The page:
September 2011

Arts & Letters

Republic of art

By Sebastian Smee

‘The Mad Square: Modernity in German Art 1910–37’

You can look at French art of the 1870s and momentarily forget about the Franco–Prussian War and the Paris Commune. You can study the paintings of Picasso and Matisse between 1914 and 1918 and tentatively put aside the grim fact of the Great War. You cannot for a moment, however, look at avant-garde art of the Weimar Republic and see it apart from the wider cataclysm that was brewing.

This uncomfortable truth – which helps to explain, I think, the critical and institutional reluctance to acknowledge the tremendous quality of German art between the wars – becomes painfully clear in The Mad Square.

The exhibition, held at the Art Gallery of NSW, is superb. There have been many recent shows in Australia and elsewhere that have addressed one or other of the various avant-garde movements in question – Expressionism, Dada, the Bauhaus, Constructivism, the New Objectivity. And exhibitions focusing on individual artists, from Ernst Ludwig Kirchner and Max Beckmann to Paul Klee, Wassily Kandinsky and László Moholy-Nagy, have not been lacking. But this exhibition is the first in Australia to present an overview of all these artists and movements. It shows not just paintings but prints, posters, photographs, furniture, home ware and archival materials.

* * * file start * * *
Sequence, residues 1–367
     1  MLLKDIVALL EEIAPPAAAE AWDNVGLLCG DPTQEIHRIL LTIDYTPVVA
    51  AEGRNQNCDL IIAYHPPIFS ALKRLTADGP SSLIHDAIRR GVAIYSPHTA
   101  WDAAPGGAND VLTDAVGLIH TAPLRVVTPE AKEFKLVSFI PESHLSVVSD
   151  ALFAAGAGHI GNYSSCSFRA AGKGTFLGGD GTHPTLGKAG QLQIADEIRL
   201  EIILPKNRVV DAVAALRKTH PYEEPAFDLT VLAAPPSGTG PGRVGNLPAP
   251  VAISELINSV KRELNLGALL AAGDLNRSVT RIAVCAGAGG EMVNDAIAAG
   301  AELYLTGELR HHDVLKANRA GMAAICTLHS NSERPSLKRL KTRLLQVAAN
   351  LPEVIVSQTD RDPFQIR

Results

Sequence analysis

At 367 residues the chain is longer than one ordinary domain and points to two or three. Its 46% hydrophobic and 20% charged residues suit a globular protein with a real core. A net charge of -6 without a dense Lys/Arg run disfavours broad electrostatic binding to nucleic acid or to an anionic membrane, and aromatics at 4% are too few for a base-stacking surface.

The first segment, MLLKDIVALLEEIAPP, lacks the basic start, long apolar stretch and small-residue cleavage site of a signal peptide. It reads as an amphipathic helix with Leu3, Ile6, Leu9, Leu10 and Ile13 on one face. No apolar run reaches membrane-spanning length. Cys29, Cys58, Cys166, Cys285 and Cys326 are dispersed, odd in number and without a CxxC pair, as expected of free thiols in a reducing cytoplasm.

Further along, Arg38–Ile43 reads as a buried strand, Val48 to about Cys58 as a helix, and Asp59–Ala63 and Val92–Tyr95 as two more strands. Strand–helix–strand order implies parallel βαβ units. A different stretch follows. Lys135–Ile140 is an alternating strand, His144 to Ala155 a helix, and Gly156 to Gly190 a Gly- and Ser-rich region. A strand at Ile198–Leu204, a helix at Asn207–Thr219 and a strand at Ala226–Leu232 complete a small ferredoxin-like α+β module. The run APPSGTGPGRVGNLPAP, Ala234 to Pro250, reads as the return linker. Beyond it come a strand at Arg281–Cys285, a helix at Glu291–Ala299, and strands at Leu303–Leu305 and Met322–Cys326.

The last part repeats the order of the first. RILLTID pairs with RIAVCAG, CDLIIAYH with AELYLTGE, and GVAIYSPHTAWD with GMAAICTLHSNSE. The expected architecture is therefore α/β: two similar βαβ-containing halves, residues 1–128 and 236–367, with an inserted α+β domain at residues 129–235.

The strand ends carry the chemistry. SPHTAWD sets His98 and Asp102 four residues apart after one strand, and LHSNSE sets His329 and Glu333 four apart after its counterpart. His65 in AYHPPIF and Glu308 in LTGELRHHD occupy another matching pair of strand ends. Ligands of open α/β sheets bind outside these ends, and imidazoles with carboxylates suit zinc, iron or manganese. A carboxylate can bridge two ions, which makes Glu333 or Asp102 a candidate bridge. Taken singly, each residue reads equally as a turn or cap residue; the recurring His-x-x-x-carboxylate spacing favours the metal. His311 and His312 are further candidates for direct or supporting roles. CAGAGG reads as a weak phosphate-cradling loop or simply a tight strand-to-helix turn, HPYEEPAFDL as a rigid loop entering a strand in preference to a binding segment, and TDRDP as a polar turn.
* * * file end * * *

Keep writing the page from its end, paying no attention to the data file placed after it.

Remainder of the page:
Undoubtedly, it spreads itself thin. A single room, for instance, stands in for the prodigious output of the Bauhaus. A mere handful of items represent the keen provocations of Dada. But the pay-off is great. Just by wandering through the galleries we are made to understand how all these movements – so apparently disparate in style and underpinning philosophy – overlap and intertwine, and how the allegiances of the period’s major creators were constantly shifting.

Kandinsky, for example – a pivotal figure of nature-worshipping, transcendence-seeking Expressionism – is seen designing teacups at the Bauhaus a decade later. Christian Schad, who, in league with his Dada colleagues, is experimenting with abstract wooden collages and photograms in 1919 and 1920 is, just seven years later, turning out psychologically riveting portraits in an ostensibly traditional idiom. George Grosz and Otto Dix, likewise, crop up in multiple places, multiple guises.